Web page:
My dad and I didn’t have the best relationship when I was a teen and young adult. We were both stubborn. I was an ungrateful daughter who wanted a “cool” dad. Boy, was I foolish. When I started to take my faith seriously, about ten years ago, I finally understood that the commandment “honor thy mother and father” was directed toward me, not someone else. I made a conscious effort to improve my relationship with my dad. I had to love him in spite of his flaws.
I don’t want to give you the impression that our relationship was horrible or abusive in anyway. It was probably like many relationships, a mix of good and bad. There was plenty of room for improvement.
As my dad’s cognitive decline continued it made my goal more difficult to attain but also more imperative that I do whatever I could. His hearing loss and aphasia made having a conversation difficult. I made a point of saying “I love you” to him every time we talked and whenever I saw him. I had to make up for all the times I didn’t love him as I ought.
I’m glad I did what I did but I could have, should have, done more. I didn’t thank him often enough for teaching me valuable skills such as how to change a bicycle tire, adjust the handlebars and seat height; or hold a hammer, how to operate a saber saw and numerous other practical tasks. I didn’t thank him for raising me in the Catholic faith.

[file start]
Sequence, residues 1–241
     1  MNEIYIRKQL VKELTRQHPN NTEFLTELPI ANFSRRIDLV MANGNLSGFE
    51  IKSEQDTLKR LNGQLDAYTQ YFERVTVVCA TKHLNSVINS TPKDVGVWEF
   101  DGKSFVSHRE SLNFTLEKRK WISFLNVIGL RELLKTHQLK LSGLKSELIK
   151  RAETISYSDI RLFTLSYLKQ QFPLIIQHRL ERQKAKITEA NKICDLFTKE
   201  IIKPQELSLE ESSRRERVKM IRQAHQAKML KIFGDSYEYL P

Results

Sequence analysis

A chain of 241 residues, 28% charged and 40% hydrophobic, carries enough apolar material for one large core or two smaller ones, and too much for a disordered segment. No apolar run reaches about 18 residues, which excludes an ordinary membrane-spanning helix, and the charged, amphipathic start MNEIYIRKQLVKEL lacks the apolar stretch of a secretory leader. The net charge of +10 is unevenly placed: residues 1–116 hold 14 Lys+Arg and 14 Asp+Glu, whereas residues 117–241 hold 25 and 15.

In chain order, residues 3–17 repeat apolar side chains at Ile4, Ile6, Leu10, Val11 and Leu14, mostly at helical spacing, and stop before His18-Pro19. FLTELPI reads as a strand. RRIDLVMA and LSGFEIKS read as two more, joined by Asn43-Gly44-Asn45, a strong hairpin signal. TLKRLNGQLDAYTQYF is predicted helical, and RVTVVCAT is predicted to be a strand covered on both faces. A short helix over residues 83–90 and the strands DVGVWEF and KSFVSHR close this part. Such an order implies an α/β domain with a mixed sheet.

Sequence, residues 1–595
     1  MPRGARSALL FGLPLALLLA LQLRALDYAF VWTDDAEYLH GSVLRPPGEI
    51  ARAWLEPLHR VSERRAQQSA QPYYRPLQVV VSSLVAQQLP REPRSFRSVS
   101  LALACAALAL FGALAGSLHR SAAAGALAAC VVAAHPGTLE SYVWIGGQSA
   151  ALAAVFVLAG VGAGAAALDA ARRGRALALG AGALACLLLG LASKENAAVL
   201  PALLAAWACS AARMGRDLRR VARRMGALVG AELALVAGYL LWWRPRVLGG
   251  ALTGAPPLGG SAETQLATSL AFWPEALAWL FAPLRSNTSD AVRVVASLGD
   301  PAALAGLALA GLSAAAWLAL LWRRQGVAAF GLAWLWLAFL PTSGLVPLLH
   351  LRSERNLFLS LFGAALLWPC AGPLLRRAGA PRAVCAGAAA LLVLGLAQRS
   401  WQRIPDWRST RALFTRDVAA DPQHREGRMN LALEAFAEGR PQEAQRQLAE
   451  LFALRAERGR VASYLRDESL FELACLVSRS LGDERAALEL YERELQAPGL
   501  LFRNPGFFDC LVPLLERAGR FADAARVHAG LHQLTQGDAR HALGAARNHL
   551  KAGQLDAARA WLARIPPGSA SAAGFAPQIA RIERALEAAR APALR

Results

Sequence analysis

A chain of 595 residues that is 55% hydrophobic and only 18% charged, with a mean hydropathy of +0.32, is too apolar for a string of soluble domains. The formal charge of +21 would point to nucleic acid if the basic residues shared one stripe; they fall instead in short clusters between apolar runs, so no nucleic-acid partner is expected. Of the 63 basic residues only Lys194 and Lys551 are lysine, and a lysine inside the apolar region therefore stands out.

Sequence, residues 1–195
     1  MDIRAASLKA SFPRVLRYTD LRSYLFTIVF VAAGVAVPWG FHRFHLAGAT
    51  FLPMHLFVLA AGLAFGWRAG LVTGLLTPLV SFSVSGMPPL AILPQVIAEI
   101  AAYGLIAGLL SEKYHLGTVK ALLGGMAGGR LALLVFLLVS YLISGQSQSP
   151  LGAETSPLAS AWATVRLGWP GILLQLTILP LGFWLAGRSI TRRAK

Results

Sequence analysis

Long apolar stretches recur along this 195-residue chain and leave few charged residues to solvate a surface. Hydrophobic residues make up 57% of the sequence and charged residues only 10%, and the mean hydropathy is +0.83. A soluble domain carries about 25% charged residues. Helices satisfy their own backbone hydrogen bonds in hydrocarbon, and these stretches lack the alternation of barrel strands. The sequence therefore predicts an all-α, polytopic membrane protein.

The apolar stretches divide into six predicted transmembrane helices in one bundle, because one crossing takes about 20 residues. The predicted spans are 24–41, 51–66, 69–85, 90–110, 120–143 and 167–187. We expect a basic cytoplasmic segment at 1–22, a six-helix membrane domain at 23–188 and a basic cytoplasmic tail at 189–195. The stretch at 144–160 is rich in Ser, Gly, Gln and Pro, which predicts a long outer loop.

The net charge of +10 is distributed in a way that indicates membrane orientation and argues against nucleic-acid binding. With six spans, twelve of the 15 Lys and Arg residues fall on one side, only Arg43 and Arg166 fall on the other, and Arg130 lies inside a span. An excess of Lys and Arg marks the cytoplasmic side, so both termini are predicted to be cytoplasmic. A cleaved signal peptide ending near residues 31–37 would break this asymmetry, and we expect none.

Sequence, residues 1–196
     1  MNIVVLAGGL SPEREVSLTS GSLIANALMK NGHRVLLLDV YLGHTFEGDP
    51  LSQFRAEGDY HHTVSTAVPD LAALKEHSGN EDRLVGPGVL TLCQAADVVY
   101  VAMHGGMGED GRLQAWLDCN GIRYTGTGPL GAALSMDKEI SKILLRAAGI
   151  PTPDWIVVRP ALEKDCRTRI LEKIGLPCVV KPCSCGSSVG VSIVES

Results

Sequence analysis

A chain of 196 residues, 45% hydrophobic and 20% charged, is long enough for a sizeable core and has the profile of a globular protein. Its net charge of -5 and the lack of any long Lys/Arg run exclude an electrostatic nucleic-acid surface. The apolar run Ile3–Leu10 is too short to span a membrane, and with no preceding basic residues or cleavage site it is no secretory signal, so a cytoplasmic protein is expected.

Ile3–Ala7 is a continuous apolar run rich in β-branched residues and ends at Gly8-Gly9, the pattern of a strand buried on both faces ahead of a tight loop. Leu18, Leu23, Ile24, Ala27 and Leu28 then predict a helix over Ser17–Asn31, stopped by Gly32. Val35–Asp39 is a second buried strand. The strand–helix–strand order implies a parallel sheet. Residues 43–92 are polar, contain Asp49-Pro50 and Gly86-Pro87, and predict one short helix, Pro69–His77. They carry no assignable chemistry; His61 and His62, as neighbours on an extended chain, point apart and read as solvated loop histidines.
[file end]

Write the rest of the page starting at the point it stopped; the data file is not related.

I think he knows how grateful I am for everything he taught me. I love him for all those reasons and more. I love him because he had a childlike curiosity (though I often saw it as nosiness). Most of all I love my dad because he married my mom (who is a superwoman) and they gave me life.
Happy Father’s Day Dad! I love you!
Requiscat in pace.
I’d like to thank all the father’s in the world for fulfilling this important God-given role. I offer heartfelt prayers for all the biological fathers, adoptive fathers, foster fathers, step fathers, grandfathers, great-grandfathers, and spiritual fathers; for fathers who have lost a child and for those who are expecting their first child. And for all the fathers that have passed before us, requiscant in pace.